This whole having-our-own-milk-cow thing is just incredible so far.  Tiring, but in a wonderful way.  I can hardly wait for the day that I can walk out the back door and milk instead of driving 5 miles each way (not that this is a distance really, but it is just a few more steps in the process).
We are getting a gallon of milk a day, and are overflowing!  I've ordered the ingredients to make mozzarella and ricotta and will be thrilled when they're here not just because I LOVE these cheeses, but because I'm on the verge of tossing milk!  We'll be making cottage cheese and yogurt too so hopefully that will help.  I now understand how with a cow you can supply so many foods for your family.
May I say that I'm thrilled we didn't go with a breed that gave more milk, I would not know what to do with it all!

Thursday, April 15, 2010

Smoother Milking

Tonight went so much better during milking!  I milked while she ate grain and wasn't tied, then once she was done put her in a stanchion with her calf in front of her - she let us have much more milk and it's almost cleared of the initial blood so we'll get to use it soon.  I cannot wait to make butter & mozzarella, guess I better get the citric acid and rennet ordered.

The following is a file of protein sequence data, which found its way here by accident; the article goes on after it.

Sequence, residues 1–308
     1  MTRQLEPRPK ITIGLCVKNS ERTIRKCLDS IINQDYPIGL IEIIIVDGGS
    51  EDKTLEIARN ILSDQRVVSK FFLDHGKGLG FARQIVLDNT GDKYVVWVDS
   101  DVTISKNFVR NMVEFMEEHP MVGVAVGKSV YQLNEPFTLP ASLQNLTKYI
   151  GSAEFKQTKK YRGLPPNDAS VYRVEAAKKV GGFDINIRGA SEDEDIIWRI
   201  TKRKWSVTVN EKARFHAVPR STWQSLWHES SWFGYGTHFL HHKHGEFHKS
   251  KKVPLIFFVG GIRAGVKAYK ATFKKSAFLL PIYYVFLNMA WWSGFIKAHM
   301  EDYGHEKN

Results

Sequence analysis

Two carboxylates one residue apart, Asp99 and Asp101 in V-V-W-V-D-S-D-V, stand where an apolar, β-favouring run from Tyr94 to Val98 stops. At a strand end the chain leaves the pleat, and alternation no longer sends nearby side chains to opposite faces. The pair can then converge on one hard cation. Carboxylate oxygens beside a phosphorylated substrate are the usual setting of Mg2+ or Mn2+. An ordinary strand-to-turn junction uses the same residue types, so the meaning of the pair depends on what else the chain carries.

Savanna is starting to help with the cow chores more, she wants to carry the grain bucket and throw hay in the feed bunk now.  It is wonderful seeing her enjoy things that Richard and I both do.  I hope it's always special to her.


Early Milking (tail tied to the ceiling or she'll beat me with it haha)

I love going out to milk at sunrise and sunset!  It is so peaceful (well, once we get the fussy girl lined out and get to milk of course).  When we're in the barn we can hear the birds starting their day or roosting for the night, and when the snow is melting from the roof you can hear it dropping in sheets onto the ground steadily.  Opal usually sleeps in the corner of the stall, curled up almost like a cat.  Savanna loves to get to go, but isn't up in the morning so Cole gets to spend some solo time with us (my husband is going with me until Ruby is well-broke to milking).  This morning while I was feeding the other cows at the barn, I propped him up against the round bale to watch while I fed, and you could just see the excitement on his little face.  He was "talking" to the cows and got so excited that he fell over in the hay (it's hard to move normally when Dad super-bundles you).